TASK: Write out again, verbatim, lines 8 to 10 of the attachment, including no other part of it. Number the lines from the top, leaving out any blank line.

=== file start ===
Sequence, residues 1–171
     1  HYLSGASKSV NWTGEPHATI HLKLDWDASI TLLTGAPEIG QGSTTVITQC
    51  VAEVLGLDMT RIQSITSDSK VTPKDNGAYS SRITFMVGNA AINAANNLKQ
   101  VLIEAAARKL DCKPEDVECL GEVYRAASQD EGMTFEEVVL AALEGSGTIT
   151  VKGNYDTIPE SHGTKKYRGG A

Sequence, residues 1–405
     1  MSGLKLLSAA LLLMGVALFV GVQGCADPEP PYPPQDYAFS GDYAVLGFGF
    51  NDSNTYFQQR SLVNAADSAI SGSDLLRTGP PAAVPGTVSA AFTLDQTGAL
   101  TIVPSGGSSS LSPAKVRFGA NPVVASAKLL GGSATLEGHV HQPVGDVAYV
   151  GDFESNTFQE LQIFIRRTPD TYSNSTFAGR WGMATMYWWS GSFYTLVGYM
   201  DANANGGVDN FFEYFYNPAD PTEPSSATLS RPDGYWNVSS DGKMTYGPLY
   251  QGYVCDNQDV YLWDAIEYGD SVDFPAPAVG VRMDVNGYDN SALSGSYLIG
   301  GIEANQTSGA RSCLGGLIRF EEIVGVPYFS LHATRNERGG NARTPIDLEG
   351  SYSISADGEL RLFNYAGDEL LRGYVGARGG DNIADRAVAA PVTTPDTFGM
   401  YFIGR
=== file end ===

    51  NDSNTYFQQR SLVNAADSAI SGSDLLRTGP PAAVPGTVSA AFTLDQTGAL
   101  TIVPSGGSSS LSPAKVRFGA NPVVASAKLL GGSATLEGHV HQPVGDVAYV
   151  GDFESNTFQE LQIFIRRTPD TYSNSTFAGR WGMATMYWWS GSFYTLVGYM